Kay Kenyon grew up in Duluth, Minnesota, attended the University of Minnesota, and earned an English degree from the University of Washington in 1979. She has worked as a model, actress for TV and radio commercials, copywriter, and urban planner. First novel The Seeds of Time appeared in 1997. Other standalone novels are Leap Point (1998), Rift (1999), Tropic of Creation (2000), Philip K. Dick Award finalist Maximum Ice (2002), and John W. Campbell Memorial Award finalist The Braided World (2003). New series The Entire and the Rose, “SF with a fantasy feel,” began with Endeavour Award nominee Bright of the Sky (2007) and continues with A World Too Near (2008) and City Without End (2009). A concluding volume, Prince of Storms, is forthcoming. She has also published a dozen short stories in various anthologies.
Kenyon lives now in Wenatchee, Washington. She chairs the Write on the River writers’ conference, now in its fourth year.
Excerpts from the interview:
“I come from an outsider background. My parents were avid Socialists and atheists in a community that was very organized around religion and church, as a lot of communities are, especially in the Midwest. I don’t know how much this upbringing influenced me; probably profoundly! My parents were social idealists, and they felt (in their atheism and Socialism) that they were blazing a path of truth in a forest of superstition. Their idea of proper books for children were Somerset Maugham, Sartre, and perhaps Charles Dickens (but maybe not). Politics was the center of our lives.
“I have reacted against that and become wary of politics, though the sense of idealism in Socialism led me to become a bit of an idealist myself, discontented with the status quo. It may have been David Hartwell who said ‘Science fiction tends to appeal to people who aren’t quite satisfied with how things are.’ If we’re looking for roots, I could go there.”
“I learned in high school that I loved to write book reports and essays, though people would look at me funny: ‘What? You’re an atheist and Socialist and you love to write?’ But it had never yet occurred to me that I could write fiction, and I’d never written any short stories before I started on a novel in the mid-’90s.
“Socialism is a wonderful idealistic framework for a future world that one might devoutly wish to have, but I was never convinced by it. And after that the Republican/Democrat dichotomy seemed useless; they began to seem (as my father would say) like Tweedledee and Tweedledum! So I drifted. And when I finally hit 40, I asked myself, ‘Well, what do I want to do with my life?’ It was a big-decade birthday, and I decided I wanted to do something more exciting than wrangle with local politics, which is what urban planning had become in the Seattle area.
“I had always loved science fiction. I grew up reading it, and fantasy to a lesser extent. In my various jobs, I’d been writing so many different things — I could write long, I could write short, give me a big manual and I’d be happy to do it — writing a novel just didn’t seem like a huge task. It didn’t intimidate me at all.
“Except, I was so wrong!”
“I always write to a large canvas, so it was a natural progression for me to want to write a series — something with a story arc spanning several books. My ongoing project, The Entire and The Rose, has a story arc that begins and ends in four books, so it’s a closed series. Beginning with Bright of the Sky, the series hits what Rudy Rucker calls the ‘power chords’ of science fiction. I use the power chords, but they’re pretty much in the background. The milieu has world-shattering nanotechnology, higher dimensions, alternate universes, aliens; at the same time I drill down into the central characters, so it’s got that marriage of character and adventure that is somewhat uncommon in our field.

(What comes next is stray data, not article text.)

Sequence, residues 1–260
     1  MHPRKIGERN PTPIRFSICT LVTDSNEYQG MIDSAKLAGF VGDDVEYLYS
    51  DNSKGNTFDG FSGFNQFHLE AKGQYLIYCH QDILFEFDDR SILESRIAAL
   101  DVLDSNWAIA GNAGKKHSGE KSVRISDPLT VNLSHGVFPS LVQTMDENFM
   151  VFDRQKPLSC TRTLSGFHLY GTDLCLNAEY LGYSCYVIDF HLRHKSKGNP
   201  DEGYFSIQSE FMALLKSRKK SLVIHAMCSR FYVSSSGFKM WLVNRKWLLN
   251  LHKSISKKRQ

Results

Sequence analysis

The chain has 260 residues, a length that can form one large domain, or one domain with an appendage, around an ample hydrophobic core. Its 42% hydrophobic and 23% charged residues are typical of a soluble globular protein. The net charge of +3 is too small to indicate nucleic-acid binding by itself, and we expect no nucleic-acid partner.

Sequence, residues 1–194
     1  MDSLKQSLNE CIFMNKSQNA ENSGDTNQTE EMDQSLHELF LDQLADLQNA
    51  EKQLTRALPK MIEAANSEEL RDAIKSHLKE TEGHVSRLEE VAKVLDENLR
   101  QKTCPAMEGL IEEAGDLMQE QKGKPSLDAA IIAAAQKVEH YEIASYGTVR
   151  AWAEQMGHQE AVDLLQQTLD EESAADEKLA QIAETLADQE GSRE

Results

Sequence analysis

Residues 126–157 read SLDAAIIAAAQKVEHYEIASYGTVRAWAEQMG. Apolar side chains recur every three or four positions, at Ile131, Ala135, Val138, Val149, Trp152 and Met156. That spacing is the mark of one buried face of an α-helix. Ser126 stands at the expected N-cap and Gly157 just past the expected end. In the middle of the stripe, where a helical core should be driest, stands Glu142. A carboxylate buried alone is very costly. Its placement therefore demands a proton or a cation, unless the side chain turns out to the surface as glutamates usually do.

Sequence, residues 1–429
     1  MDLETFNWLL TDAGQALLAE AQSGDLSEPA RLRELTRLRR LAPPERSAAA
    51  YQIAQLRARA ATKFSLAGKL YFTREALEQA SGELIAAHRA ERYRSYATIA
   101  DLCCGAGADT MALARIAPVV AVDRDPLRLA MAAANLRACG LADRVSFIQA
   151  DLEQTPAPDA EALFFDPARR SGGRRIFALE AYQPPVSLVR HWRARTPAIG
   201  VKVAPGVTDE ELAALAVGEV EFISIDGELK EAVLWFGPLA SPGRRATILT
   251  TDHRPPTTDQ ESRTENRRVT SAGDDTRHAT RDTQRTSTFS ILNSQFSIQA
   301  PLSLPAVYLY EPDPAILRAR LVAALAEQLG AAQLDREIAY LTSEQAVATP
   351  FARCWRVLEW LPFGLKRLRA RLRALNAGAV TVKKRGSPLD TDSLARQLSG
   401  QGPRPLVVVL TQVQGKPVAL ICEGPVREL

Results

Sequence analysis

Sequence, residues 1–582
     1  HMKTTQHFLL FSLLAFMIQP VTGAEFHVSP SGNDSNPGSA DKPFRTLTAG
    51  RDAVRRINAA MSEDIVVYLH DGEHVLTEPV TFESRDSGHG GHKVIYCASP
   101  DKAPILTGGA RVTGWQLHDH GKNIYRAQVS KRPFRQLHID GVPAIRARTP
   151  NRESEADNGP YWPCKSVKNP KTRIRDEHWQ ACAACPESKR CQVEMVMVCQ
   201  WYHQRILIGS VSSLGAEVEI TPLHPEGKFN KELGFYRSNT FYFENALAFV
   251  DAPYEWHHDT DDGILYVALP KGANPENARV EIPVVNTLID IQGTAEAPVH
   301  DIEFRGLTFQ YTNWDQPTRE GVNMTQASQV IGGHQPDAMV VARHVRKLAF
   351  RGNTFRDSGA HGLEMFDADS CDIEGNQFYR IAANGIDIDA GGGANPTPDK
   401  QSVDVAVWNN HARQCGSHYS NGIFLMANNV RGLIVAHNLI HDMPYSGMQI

“In this series, once again, the milieu came first. I love bizarre landscapes, so I asked, ‘What is the strangest world I can imagine?’ And I came up with this: ‘What would happen if there was a tunnel universe that burrowed through our own? How would it look? Well, you’d need a lid and walls, for starters. You could move around in our universe through theirs, and avoid faster-than-light travel. And if the tunnel universe is vast, you need a space-time folding mechanism for a transport system. So I built in the River Nigh, which flows down the five arms of this tunnel galaxy.”
“The future we’re headed toward is a little disconcerting to me (as it should be to you!) — the idea of the Singularity, and how far technology is going to go. So I’m writing stories that tend to beat back that wave, to assert humanity and to imagine a world where our human emotions still deeply matter. But there’s a competing side to his issue: when I’m writing about Titus Quinn I’m wondering, ‘Can his personal life matter, in the context of the big issues that he’s carrying on his shoulders?’ Even he has to ask that question. It’s a major theme of those books, and one I’m very interested in.”
“Science fiction is always apologizing for itself. We have to stop that. Like Janis Ian said, SF is the jazz of literature. It takes delight in its topics and its narratives, and when we start talking about it having a purpose, it’s like apologizing. That whole dialogue starts when we talk to people who don’t like science fiction, and we try to convince them that SF is useful.”
This interview and more like it in the June 2009 issue of Locus.
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